Kristen


b. Malin profile image

b. Malin 5 years ago

Those 25 reason for the use of WD-40 will be Book Marked by Me, K.Burns and I Loved the Humor of #17, use as a paper weight! A Wonderful History Lesson, I truly Enjoyed this Hub. Thanks so much for sharing your research!


K. Burns Darling profile image

K. Burns Darling 5 years ago from Orange County, California Author

@b. Malin - There were over 2,000 uses listed on the WD-40 Fan Club page, I just tried to choose the ones that I thought were most unique. Glad to hear that you enjoyed it. Thanks so much for the generosity of your time and for your comments, they are deeply appreciated!

Thanks Again

Kristen


Truckstop Sally profile image

Truckstop Sally 5 years ago

Very interesting! Like bMalin, I loved your 25 uses. I did not know about the Hurricane Carla connection. I live near Galveston, and that event is quite a benchmark. Thanks for sharing!


K. Burns Darling profile image

K. Burns Darling 5 years ago from Orange County, California Author

@Truckstop Sally - I am always glad to be of service! Really happy that you enjoyed it! Thanks so much for the generosity of your time and your comments, they are both welcomed and deeply appreciated!

Thanks Again,

Kristen


Eiddwen profile image

Eiddwen 5 years ago from Wales

So very interesting and thanks for sharing. As well as publishing our own work we gain so much by reading other salso, like I have done from this one.

Take care

Eiddwen.


pozycjonowanie 5 years ago from Wroclaw

in europe is very good brand, too


K. Burns Darling profile image

K. Burns Darling 5 years ago from Orange County, California Author

@Eiddewen - I am very glad that you enjoyed and learned something new from this, I learned a lot about it too! Thank you, as always for the generosity of your time, and for your comments, they are always welcomed and very apprecitated!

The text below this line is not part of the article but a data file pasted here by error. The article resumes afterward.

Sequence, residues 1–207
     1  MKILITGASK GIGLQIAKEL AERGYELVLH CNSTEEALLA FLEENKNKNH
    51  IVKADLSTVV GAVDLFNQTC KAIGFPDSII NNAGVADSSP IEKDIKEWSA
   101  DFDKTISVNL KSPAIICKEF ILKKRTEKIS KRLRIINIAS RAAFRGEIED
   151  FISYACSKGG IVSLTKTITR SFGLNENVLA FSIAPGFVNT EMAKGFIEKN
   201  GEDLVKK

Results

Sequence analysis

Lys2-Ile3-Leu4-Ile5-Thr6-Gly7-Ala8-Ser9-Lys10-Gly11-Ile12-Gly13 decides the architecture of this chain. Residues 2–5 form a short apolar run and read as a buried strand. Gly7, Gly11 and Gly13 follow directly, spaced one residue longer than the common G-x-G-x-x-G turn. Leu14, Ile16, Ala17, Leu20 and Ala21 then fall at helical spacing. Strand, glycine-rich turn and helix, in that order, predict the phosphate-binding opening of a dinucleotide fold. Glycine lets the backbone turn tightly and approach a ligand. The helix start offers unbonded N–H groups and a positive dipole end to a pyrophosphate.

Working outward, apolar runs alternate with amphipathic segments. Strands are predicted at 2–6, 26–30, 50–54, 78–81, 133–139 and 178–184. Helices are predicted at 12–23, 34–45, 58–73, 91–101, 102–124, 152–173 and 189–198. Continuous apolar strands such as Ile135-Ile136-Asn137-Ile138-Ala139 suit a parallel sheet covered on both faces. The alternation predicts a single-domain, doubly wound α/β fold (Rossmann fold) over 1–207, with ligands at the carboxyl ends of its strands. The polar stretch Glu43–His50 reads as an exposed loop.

Thanks Again

Kristen


K. Burns Darling profile image

K. Burns Darling 5 years ago from Orange County, California Author

@pozycjonowanie - Thank you so much for the generosity of your time, and for your comments, they are always both welcomed and appreciated!

Kristen


Chatkath profile image

Chatkath 5 years ago from California

Wonderful information KBD - I have learned quite a bit from this outstanding Hub of yours! Being that my WD-40 can is about the only thing I can locate right now after moving it just might be used for even more things! Recipes anyone? lol Voted up and useful!


K. Burns Darling profile image

K. Burns Darling 5 years ago from Orange County, California Author

@ Charkath - They don't recommend eating it, but there are over 2000 uses listed on their website, and there is a rumor, that the company can't quite squash, but that they do not endorse, that WD-40 can be used to treat arthritis. Thank you as always for the generosity of your time, and for your comments, they are always welcomed and appreciated!

Kristen


Simone Smith profile image

Simone Smith 5 years ago from San Francisco

This is positively fascinating! I had no idea the brand had such an interesting background. Thanks for sharing it!


K. Burns Darling profile image

K. Burns Darling 5 years ago from Orange County, California Author